Subject: Re: termless copyright and patents
From: Thomas Lord <lord@emf.net>
Date: Mon, 25 Sep 2006 13:45:51 -0700

stephen@xemacs.org wrote:
>  > I can't figure out how to square your assertion there with the decision
>  > in Ebay v. Mercexchange.
>
> You're correct.  I can't justify that even as hyperbole.
>   

I've lost the cite but it gets even better.   In establishing public 
interest,
considerations such as practice and satisfaction of demand are relevant.
Woohoo.

But you're right (as you go on to say) that nobody should bet the farm
on Ebay v. MercExchange:

This thread inspired me to read a whole bunch of stuff the highlights of
which were some court decisions and some testimony before the FTC.
Here's my subjective impression:

1) E v. M is first, last, fundamentally, backwards and forwards nothing
    more than straight-up judicial restraint and classical exercise of
    jurisprudence.   It is an agreeable, conservative decision about the
    rules of the court -- not a principled stand on the topic of patents.
    Congress wrote that injunctions re infringement "may" be treated
    as "court of equity" cases.   That's what the courts had been doing.
    The lower courts both strayed from that and SCOTUS scolded them
    for it.   Pure and simple.   SCOTUS didn't say something like "software
    inventions are just math and therefore they aren't like physical
    inventions".    SCOTUS said "Congress tossed this, at our discretion,
    into the equity courts.  That's where it's been.  That's where it 
stays."
    (It was one of the overturned lower courts that made overreaching
    metaphysical claims about inventions-as-property.)

2) For every putz who tells the FTC how much wasted money software
    patents are costing his software company or how he was unreasonably
    screwed by them, there's a schmuck to tell the opposite tale.   They
    all appear more or less truthful and correct.  What's a regulator to
    do?

3) The economists are telling the FTC "Gosh, this is really complicated.
     There *are* real problems.  There *are* real benefits.   It's darn
     hard to invent a cure that's not worse than the disease."   One of
     the brighter themes in the testimony I was looking at (and, being lame,
     i don't have the cite handy) was advice to go back and look at the
     relation between patent law and anti-trust law.   For example,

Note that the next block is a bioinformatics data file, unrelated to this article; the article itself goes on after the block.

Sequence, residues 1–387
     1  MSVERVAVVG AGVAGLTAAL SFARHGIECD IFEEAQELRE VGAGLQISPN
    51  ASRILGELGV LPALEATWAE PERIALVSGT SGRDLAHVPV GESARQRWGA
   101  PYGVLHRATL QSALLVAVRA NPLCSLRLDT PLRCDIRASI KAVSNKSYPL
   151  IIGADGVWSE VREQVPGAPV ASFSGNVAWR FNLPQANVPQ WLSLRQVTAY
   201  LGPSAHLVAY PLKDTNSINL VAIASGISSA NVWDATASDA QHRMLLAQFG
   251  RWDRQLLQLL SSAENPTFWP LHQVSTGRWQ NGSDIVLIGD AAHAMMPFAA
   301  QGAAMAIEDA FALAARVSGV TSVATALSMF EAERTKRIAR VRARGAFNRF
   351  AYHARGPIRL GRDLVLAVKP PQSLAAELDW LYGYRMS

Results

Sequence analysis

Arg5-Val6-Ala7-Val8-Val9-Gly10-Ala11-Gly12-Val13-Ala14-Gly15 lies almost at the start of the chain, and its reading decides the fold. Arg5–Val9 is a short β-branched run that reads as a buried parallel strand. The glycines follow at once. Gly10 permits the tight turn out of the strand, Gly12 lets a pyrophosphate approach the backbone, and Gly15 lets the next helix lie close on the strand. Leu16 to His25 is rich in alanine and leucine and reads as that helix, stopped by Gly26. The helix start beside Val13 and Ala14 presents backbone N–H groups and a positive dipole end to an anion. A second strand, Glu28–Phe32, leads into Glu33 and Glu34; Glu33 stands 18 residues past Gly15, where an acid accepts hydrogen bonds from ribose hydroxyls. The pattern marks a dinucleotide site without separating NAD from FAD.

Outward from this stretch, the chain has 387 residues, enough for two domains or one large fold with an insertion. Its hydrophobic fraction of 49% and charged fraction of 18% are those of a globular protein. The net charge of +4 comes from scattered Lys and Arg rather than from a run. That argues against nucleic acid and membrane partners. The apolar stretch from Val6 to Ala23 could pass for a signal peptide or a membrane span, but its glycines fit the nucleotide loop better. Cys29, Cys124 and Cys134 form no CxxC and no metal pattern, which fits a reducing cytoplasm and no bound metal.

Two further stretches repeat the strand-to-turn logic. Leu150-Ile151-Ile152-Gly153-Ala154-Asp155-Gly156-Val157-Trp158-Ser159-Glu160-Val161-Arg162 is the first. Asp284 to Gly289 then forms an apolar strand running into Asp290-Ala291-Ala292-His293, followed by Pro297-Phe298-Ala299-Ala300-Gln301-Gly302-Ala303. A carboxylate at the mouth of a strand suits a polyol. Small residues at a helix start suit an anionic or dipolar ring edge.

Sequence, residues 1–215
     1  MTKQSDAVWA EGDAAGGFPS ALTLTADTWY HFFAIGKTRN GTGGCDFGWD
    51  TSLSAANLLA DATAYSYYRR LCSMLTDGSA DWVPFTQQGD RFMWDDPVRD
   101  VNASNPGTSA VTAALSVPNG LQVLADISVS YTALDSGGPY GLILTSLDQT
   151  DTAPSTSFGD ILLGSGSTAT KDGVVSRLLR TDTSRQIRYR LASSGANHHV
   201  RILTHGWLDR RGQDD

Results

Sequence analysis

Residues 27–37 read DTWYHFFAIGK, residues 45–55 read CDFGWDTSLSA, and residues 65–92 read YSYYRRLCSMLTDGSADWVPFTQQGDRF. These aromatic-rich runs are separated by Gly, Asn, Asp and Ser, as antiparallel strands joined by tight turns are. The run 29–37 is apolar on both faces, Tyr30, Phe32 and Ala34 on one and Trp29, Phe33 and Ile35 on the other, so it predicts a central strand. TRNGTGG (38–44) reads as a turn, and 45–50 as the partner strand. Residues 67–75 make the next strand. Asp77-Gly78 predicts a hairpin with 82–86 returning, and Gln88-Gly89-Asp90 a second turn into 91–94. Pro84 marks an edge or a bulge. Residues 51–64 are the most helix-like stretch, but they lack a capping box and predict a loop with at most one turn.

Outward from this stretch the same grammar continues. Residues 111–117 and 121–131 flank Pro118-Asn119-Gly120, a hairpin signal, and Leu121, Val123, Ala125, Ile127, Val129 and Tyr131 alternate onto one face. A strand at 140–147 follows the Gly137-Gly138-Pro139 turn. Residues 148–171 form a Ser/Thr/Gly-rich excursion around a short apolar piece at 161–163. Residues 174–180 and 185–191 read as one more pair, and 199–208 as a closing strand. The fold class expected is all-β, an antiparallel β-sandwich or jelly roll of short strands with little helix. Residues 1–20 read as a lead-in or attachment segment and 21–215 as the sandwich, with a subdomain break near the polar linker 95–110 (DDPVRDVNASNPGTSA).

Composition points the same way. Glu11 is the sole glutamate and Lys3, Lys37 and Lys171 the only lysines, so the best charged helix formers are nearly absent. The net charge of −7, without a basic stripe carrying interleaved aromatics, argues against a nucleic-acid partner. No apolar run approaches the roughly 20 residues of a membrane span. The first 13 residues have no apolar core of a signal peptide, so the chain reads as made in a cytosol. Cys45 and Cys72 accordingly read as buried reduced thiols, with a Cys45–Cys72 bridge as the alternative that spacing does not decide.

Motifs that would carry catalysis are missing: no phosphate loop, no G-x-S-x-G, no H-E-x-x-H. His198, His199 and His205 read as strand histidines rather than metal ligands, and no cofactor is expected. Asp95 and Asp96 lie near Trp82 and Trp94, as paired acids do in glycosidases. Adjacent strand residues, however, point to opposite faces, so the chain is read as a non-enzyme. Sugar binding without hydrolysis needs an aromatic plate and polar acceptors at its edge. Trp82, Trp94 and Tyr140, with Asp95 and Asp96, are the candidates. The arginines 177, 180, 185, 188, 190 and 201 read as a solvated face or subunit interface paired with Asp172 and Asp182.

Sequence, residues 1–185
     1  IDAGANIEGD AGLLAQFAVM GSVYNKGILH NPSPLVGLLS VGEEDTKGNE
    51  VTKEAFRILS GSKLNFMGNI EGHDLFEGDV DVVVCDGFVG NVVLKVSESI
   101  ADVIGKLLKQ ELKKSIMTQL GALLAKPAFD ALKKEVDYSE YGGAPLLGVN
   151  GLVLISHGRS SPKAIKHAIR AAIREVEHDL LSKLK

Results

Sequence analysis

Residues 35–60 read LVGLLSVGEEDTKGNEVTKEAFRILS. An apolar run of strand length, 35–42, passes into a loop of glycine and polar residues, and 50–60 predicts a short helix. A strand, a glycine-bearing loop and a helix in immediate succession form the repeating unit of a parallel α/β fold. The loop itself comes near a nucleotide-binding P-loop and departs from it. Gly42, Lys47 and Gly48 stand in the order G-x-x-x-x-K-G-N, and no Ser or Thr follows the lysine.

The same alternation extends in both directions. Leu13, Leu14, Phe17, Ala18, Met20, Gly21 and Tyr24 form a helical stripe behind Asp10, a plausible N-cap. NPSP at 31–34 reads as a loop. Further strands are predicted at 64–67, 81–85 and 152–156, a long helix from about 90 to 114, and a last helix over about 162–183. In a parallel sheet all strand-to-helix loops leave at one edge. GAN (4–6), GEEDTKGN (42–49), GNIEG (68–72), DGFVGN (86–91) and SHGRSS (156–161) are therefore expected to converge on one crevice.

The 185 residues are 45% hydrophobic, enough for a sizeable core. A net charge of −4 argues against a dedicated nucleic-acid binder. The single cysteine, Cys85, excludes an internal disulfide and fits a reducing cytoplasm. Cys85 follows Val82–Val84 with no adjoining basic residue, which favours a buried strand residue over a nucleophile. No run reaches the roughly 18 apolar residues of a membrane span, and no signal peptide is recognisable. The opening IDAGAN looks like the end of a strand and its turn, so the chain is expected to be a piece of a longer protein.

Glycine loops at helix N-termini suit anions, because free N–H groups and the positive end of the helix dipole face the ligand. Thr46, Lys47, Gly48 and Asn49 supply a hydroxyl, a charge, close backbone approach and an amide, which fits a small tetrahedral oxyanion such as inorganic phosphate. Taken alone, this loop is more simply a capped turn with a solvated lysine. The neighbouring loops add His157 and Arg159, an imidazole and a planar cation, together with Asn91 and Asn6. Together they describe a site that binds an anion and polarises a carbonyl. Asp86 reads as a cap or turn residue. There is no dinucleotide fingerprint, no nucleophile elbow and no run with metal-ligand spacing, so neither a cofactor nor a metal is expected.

defensive
     portfolios essentially reward the companies standing off with them with
     a de facto license to create follow-on inventions -- that's a 
legitimate
     economic reward for holding patents.    Yet, at the same time, as
     is *sometimes* seen, these big boys de facto collude to exclude new
     competitors from their little oligopoly -- and that's just straight up
     predatory behavior.   It's the effect, not the principles behind 
the cause,
     that really matter, we are reminded.   That analysis harmonizes nicely
     with E v. M but may be discordant with some mandatory punitive
     damage provisions.

4) Nobody can define "software patent" well enough for legislative purposes.

5) Nobody seems to really mind the idea of shorter term patents for 
software,
    other than it isn't right in every case and, see (4).

6) Nobody calling for patent reform (except me!) is talking about how
    to make a system in which there is better incentive to invent 
because there
    is better incentive to get a patent under the suggested reform!

    Nobody (except me!).

    Bezos' argument is basically "Well, a business method patent should 
either
    make money or not within just a few years -- so how about a shorter 
term?
    That won't hurt inventors much and it reduces hair for everyone else."
    It's fundamentally an argument to weaken patent protection, but 
"just a little.
    Won't hurt much."

    Meanwhile, it's pretty much accepted (and proved) that the future 
success of
    developed economies, for decades to come, almost certainly hinges on 
strong
    IP protection.   The Bezos family of proposals is just a non-starter.


And that adds up to why my limited patents suggestion is so clever.
But for the tweak to scope (a tweak the courts might well arrive at
on their own given just a tiny amount of discretion over punitive
damages) my proposal *strengthens* the patent system by creating
more options and more incentives -- all while carving out a space in which
software folks can play quite nicely.    Shorter terms, etc. are not
*imposed* by my proposal, they are made an option and there are
positive incentives for choosing them.


-t